Mirrors do this, actually. As I review here, we are terrible at perceiving that there is a surface there; instead, we perceive what the optic array depicted on the surface specifies, namely a mirror-reversed version of the optic array in front of the mirror. This is because this 'virtual' array has excellent fidelity and responsiveness to our movement. Mirrors are so good at this that some researchers use them to create virtual environments for people to interact with, with great success (e.g. Coats et al, 2008). Computer powered VR is limited by the quality of the algorithms and the power of the computer, but it's big advantage is of course the fact that you have more and easier control over the contents of the virtual array.

What Counts as Realistic?

This article is interested in a major question in VR; how can we make the virtual environments realistic and immersive, given the constraints the systems must work with? The focus is, of course, on the illusions and tricks programmers deploy, and many of these are very interesting. People are also excited as computing power increases, making photo levels of realism possible.

Ecologically, however, the answer is different: the virtual optic array is experienced as realistic and immersive to the extent that it contains ecological information that can support the coordination and control of the actions people want to do in the specified environment. Photo-realism is not the goal - info-realism is. Rob Gray makes this point in great detail in his excellent three part podcast series on VR in sports research and training, here, here and here.

What makes information realistic? I propose that information is experienced as if it were real if that information is stable and supports functional interaction with the dynamic it is supposedly about. In other words, it feels real if it lets you successfully do something in particular. Part of this is about processing speed; people are very susceptible to lags between moving and optic flow, and these can make people feel very ill. But once the hardware has hit a certain point, more speed is not the trick to realism; appropriate informational content is.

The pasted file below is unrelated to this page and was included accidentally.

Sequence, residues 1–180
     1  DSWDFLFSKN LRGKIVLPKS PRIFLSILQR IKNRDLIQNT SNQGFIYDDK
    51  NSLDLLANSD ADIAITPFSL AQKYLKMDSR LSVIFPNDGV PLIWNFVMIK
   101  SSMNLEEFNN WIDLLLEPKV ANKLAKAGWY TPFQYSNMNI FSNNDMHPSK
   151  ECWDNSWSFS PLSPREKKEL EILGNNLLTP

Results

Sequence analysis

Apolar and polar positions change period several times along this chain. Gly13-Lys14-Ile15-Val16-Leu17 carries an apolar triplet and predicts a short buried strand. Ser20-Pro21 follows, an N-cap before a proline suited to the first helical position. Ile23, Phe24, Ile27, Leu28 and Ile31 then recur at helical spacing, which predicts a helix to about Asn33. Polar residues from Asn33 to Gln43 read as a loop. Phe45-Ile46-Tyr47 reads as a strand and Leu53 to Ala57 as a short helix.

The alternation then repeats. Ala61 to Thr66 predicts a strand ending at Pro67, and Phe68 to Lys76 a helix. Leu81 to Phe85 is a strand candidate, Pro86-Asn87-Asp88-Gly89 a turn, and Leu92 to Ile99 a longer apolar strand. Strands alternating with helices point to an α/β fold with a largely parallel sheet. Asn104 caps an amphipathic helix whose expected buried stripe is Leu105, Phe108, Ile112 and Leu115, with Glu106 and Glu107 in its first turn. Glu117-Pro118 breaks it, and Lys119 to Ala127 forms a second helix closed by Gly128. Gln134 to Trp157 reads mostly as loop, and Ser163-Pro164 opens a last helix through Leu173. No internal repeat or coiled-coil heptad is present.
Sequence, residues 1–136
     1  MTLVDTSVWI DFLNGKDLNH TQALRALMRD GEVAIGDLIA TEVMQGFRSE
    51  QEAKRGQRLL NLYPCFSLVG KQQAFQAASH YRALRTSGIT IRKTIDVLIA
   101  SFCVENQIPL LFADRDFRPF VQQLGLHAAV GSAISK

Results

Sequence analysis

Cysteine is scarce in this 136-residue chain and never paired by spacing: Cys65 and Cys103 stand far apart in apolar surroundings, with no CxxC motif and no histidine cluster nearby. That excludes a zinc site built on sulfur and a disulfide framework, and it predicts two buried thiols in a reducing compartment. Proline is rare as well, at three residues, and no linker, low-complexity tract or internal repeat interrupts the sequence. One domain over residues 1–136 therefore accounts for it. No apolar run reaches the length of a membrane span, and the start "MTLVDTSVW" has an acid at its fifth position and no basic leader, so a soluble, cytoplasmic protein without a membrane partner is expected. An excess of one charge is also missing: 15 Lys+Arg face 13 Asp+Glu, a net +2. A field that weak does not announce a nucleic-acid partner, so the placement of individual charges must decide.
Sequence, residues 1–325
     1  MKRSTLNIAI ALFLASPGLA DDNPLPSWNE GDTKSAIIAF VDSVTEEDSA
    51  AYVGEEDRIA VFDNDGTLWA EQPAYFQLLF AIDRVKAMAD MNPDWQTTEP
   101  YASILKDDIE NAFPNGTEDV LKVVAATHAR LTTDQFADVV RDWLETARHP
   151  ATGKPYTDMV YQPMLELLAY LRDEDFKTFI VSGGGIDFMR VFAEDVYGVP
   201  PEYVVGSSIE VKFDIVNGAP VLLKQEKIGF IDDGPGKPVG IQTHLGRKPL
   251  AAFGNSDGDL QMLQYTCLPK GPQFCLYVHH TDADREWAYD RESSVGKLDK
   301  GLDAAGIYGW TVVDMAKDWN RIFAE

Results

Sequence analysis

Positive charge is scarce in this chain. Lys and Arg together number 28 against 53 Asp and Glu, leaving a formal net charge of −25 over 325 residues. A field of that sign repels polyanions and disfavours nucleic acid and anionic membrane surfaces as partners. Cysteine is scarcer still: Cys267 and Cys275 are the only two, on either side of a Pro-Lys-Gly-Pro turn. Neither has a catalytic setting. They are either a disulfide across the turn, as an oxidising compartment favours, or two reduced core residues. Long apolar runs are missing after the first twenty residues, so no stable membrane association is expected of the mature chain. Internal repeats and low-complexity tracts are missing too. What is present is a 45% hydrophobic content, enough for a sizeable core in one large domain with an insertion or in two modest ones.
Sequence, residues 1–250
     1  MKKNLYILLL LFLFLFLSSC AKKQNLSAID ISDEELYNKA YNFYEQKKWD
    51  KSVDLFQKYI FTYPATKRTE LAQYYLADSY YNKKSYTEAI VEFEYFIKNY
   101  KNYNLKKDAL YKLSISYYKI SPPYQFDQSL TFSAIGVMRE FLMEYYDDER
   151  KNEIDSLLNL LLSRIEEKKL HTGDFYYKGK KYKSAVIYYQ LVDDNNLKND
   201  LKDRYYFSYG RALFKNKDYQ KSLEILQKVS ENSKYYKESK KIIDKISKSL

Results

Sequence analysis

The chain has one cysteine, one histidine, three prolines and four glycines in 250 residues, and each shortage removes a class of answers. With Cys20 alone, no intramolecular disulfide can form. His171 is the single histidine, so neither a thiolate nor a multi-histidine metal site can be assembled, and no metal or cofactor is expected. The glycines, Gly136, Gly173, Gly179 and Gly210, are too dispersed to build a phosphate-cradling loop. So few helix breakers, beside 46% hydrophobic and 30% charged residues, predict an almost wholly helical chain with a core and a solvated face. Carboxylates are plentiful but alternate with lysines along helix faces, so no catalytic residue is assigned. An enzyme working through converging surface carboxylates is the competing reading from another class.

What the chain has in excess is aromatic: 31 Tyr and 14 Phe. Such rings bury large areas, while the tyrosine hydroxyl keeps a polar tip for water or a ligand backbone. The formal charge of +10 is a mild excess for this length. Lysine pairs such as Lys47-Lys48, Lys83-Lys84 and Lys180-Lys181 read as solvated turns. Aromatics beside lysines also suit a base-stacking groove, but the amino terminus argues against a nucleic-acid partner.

Ecological researchers have been at the forefront of VR research for years, because we need to be able to manipulate information in order to study it's effects and sometimes those manipulations are not physically possible. Geoff Bingham has been study prehension in VR for many years, and Bill Warren has a large room people can walk and run in that he uses to study the visual control of locomotion and interception. None of these experimental set ups are photo-realistic. In fact, they are often quite stripped down. But they always contain all the relevant ecological information to support the task being studied; that is, in fact, always the point of these experiments. For example, Warren studied the outfielder problem and VR let him do impossible things to the ball trajectory to compare OAC and LOT strategies. The displays were very plain; essentially simple textured surfaces, a simple glove and the ball. But I got to play in it on a visit many years ago and it was quite amazing; in a few minutes I was happily running around, trying to catch virtual balls and utterly immersed. Everything I needed to intercept a ball was in my optic array, so it was realistic in the most important way - it could support my behaviour.

Another recent fun example; Disney recently were showcasing how they could use tricks to enhance skilled interactions in a virtual environment. They asked people to catch real balls being tracked and displayed in the headset, and added various components to the display to try and help people do this. the best part, as I blogged here, is that they didn't need to do anything! Because their initial displays contained accurate trajectory information about the real ball, people were quickly catching around 95% of the balls. Their 'enhancements' was a prediction generated by the computer about where the ball would arrive, but this forced people to switch from the stable, flexible and effective prospective control method to a less stable, jerky predictive mode. The prediction technically added information to the display, and people could learn to use it, but it was not ecological nor did it support smooth, stable control. Prediction may be the engineer's solution, but evolution is not an engineer.